My Writing Process – A Writer’s Blog Tour

A writer pal of mine, Miranda Kate, invited me to join in on the, ‘My Writing Process Blog Tour’. The purpose of said tour is self-explanatory– to share what I do and how I do with my fellow writers and readers.
Miranda’s post can be found here; http://purplequeennl.blogspot.nl/2014/02/my-writing-process-blog-tour.html

Mine, should you choose to suffer through it, is below…


What am I working on?

Well… my long-term work-in-progress– a noir novel– is fighting me. Hard. I’m hitting back, scoring points with the judges where I can, but that’s about all. In the meantime, I’ve got a noir serial going, with segments posted every other week on the Daily Picspiration Blog. I’m also working on three to four short stories at any given time. The longer works are almost always noir or hard-boiled. I sometimes branch out to ghost stories and fantasy in short stories.


How does my work differ from others of its genre?

I don’t know that it does, and at this very early stage of my writing career I’m more or less all right with that. My voice is my own. I’ve had it since the first time I set pen to paper. However, as I make the transition from shadow boxer to published author I’m happy to follow in the footsteps of my heroes– Raymond Chandler, Dashiell Hammett, Ross MacDonald, Jim Thompson, and Patricia Highsmith– while I hone my skills and learn to use that voice to greatest effect.


Why do I write what I do?

I’ve always been drawn to the dark side of life. Monsters. Killers. All that fun stuff. I think my father has to shoulder some of the blame. He’s the one who introduced me to Poe at a very young age. For many years I thought I wanted to be a horror writer, to follow in the tradition of Algernon Blackwood, H.P. Lovecraft, and even M.R. James. A college friend turned me onto Jim Thompson. I took that road, bottomed out in noir country, and have never looked back.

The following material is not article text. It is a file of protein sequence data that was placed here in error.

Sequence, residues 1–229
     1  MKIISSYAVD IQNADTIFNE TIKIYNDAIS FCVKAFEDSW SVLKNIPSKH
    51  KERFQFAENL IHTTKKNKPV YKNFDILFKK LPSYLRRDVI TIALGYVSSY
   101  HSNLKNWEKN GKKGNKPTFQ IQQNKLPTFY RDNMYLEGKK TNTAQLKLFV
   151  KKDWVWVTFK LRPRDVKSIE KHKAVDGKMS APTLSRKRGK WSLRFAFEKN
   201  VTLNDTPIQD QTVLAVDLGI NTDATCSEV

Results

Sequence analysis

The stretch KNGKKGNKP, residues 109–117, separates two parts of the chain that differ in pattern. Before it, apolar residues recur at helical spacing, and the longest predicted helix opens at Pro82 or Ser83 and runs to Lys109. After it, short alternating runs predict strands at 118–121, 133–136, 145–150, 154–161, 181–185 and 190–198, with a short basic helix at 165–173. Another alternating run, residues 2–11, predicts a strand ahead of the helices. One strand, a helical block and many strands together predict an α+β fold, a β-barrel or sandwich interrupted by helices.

How does my writing process work?

My writing process, such as it is, begins with an idea. A piece of an idea, to be more specific. A single image. One character trait– it could be a garment he or she wears, a facial feature, an idiosyncrasy. Most often, though, it starts with a line of dialogue.

I carry a little notebook around with me so I can jot things down wherever I am, but am still prone to using any available scrap of paper to scribble notes on. I’ve got eight, ten scraps of paper in my pockets at any given time.

I’m a walking trash can by the end of a day.

When it comes time to sit down at the machine I’ll take out my scraps, open the notebook, and start cataloging the ideas so I don’t have to keep track of a million little pieces of paper.

I run with whichever idea gives the the best in, whichever one I’m able to build off of right then and there. Fourteen chapter serial noir novels have started this way, as have two hundred word pieces of flash fiction.

Nine times out of ten my fragmentary idea becomes the point from which the rest of the story grows. I almost always have to go back and create a beginning to lead into it but the story develops from that initial seed.

There are days, when I’m really feeling it, on which I’m able to build onto both sides of the idea at the same time. Those are some pretty fucking great days. They don’t happen often, but when they do… oh, man.

Once my fragment begins to sprout sentences and reaches the point where I can call it a scene I start outlining. I build a skeleton of a story, branching out from the scene, and then decide whether or not it’s worth putting meat on the bones.

The more I work the scene, the more the characters start to speak. I know I’m onto something when they start arguing with me.

I must admit to editing as I go, a habit I’m working hard to break. It slows me down and has me doubting my own ability, often on a sentence-to-sentence basis. Definitely need to cut that shit out if I ever want to get any significant piece of work done.